Being absurd on the face of it, I somewhat feel he had a point. This is the product that continually pulls African-Americans into the theater, taps into some zeitgeist that dictates these movies are all popular. And then an African American movie is made by an African-American, that is serious, and dealing with issues that need more African-Americans, well…it does nothing at the box office. What’s the recent one? Belle?
    The only thing I can think that worked was the Angela Basset vehicle some time ago.
    Now, I’m not saying African-Americans don’t go to “Hollywood” movies, but the idea that a movie can’t simply be made where a superhero is African-American or even a woman for christ’s sake, but they can pump out idiotic Kevin Hart vehicles like they’re factory hot dogs is a curious thing indeed.

    And Steve Harvey and his zealous chirstian stance that atheists aren’t even human and he wouldn’t let his family talk to an atheist can go suck a fuck.

  2. Clint Eastwood directing a musical seems the most awkward fit for the format since John Huston directed ‘Annie’ or when Sidney Lumet directed ‘The Wiz’.

  3. As for Haggis: I never understood the early acclaim for Crash and thought the backlash was well-justified. The man cut his teeth working on things like The Love Boat and creating Walker Texas Ranger. He’s always been a b-level television guy – just one who happened to get lucky with one hokey racial drama and Oscar gold.

    I will say he’s got to be worth obscene amounts of cash. I never realized how many shows he created or wrote for going back to the late 70’s.

  4. Saw Venus in Fur the other day and liked it well enough. It’s amusingly perverse and generally unpredictable, and I still don’t think there’s anyone who directs in confined spaces like Polanski does.

    Anyway, got to thinking about Polanski’s career. This is something I used to do, but haven’t in a while, so here it is: the IMDb ratings for all of his films:

    The Pianist 8.5 (#41)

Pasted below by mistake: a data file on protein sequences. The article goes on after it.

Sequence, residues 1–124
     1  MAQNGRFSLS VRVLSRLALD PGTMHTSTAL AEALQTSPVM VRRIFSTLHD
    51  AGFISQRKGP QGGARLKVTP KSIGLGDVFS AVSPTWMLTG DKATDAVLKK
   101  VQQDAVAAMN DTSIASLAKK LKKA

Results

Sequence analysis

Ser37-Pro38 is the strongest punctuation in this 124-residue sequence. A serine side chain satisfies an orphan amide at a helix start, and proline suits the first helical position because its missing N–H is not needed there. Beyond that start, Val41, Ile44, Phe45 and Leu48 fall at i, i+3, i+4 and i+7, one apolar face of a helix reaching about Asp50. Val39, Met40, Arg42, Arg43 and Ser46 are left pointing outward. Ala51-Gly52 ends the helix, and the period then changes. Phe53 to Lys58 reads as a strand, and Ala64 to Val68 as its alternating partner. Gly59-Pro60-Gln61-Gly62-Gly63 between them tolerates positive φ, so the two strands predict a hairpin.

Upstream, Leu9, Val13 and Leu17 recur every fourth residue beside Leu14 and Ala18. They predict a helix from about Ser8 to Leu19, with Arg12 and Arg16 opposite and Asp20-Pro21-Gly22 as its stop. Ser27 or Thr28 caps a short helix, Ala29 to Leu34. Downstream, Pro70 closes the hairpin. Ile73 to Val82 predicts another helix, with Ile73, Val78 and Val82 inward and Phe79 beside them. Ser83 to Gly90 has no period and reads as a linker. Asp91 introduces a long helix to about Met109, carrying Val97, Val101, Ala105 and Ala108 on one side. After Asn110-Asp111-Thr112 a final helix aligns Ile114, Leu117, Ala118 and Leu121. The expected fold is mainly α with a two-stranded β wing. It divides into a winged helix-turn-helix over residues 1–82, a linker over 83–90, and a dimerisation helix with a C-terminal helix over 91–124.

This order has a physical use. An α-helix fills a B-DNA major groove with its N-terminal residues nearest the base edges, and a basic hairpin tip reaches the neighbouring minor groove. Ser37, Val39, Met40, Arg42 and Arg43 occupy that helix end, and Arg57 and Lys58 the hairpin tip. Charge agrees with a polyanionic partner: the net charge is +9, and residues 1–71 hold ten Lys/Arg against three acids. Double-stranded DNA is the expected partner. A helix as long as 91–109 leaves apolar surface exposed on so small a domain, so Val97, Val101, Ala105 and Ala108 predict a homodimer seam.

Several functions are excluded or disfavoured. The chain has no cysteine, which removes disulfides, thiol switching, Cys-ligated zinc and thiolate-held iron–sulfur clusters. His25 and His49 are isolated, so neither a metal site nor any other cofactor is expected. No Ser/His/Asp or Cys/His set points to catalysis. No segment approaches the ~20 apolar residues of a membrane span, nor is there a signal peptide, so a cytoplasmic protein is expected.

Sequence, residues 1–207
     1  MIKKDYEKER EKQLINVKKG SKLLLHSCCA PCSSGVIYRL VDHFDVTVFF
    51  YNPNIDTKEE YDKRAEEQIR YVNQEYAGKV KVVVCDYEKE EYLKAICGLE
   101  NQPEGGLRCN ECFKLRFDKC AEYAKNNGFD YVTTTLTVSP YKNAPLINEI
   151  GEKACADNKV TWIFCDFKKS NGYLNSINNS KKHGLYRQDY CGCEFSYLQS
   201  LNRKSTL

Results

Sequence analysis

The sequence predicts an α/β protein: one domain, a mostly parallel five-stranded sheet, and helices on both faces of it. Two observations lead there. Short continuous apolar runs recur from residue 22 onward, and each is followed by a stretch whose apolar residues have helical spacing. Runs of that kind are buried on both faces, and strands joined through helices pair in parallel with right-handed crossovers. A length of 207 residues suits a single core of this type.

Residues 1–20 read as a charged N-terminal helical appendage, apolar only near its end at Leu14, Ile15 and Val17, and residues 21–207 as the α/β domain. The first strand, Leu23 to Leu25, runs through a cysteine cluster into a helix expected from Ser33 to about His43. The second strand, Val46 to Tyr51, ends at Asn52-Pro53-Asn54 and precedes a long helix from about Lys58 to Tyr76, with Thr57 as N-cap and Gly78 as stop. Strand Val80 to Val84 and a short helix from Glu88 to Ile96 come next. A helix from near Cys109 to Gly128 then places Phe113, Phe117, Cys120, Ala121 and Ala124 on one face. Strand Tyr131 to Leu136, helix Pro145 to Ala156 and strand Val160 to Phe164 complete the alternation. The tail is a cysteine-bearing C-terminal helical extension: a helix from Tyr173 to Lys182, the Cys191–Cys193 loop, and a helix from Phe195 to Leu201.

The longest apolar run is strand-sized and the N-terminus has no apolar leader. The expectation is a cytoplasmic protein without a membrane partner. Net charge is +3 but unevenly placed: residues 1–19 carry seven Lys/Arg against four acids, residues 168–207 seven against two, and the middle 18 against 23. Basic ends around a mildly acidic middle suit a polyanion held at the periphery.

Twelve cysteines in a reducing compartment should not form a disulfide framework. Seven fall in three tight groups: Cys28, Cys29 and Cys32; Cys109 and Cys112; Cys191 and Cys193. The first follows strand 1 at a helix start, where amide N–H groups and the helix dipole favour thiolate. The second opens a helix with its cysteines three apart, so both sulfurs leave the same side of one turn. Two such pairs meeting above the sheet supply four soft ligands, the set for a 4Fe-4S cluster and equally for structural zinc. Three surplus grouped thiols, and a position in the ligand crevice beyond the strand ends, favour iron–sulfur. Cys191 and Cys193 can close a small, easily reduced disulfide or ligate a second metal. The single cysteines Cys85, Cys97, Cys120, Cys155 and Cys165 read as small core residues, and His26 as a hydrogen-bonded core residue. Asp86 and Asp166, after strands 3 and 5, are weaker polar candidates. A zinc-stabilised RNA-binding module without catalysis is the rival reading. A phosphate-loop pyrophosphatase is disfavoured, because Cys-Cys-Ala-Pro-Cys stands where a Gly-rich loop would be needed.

Chinatown 8.3 (#111)
    Rosemary’s Baby 8.0
    Repulsion 7.8
    The Tenant 7.8
    Knife in the Water 7.6
    Macbeth 7.4
    The Ghost Writer 7.3
    The Fearless Vampire Killers 7.3
    Death and the Maiden 7.3
    Tess 7.3
    Venus in Fur 7.3
    Carnage 7.2
    Cul-de-sac 7.2
    Bitter Moon 7.1
    Frantic 6.9
    Oliver Twist 6.9
    The Ninth Gate 6.7
    Pirates 6.1
    What? 5.9

    That’s a fairly consistent and varied career. I’d actually never heard of What? before compiling this list, and it seems mostly unavailable. I’ve seen each of the top 6 and a few others, and overall I’ve long thought of him as nearly unmatched from a technical standpoint. Even his recent films are distinctive in this regard.

    Of the ones I’ve seen, I’ve liked some more than others – for my money, Chinatown is basically a perfect film – but only The Tenant really seemed like a dud to me. It has its following, as the rating above shows, but I thought it was just downright obnoxious.Criterion has a new edition of Tess out, and Macbeth on the way, so I hope to see those soon.

  5. I’ve got some glaring gaps on this list. I don’t know if I’ve ever seen Rosemary’s Baby all the way through–if I saw any of it it was when it aired on network TV, probably edited within an inch of its life. And here’s a sign of old age–I may have seen Repulsion back in college, but I can’t remember if I did or not. Haven’t seen The Tenant or Knife in the Water. Definitely have seen Chinatown–don’t know how The Pianist can be ranked ahead of it. I saw Venus in Fur, too. Reviewed it on Go-Go-Rama.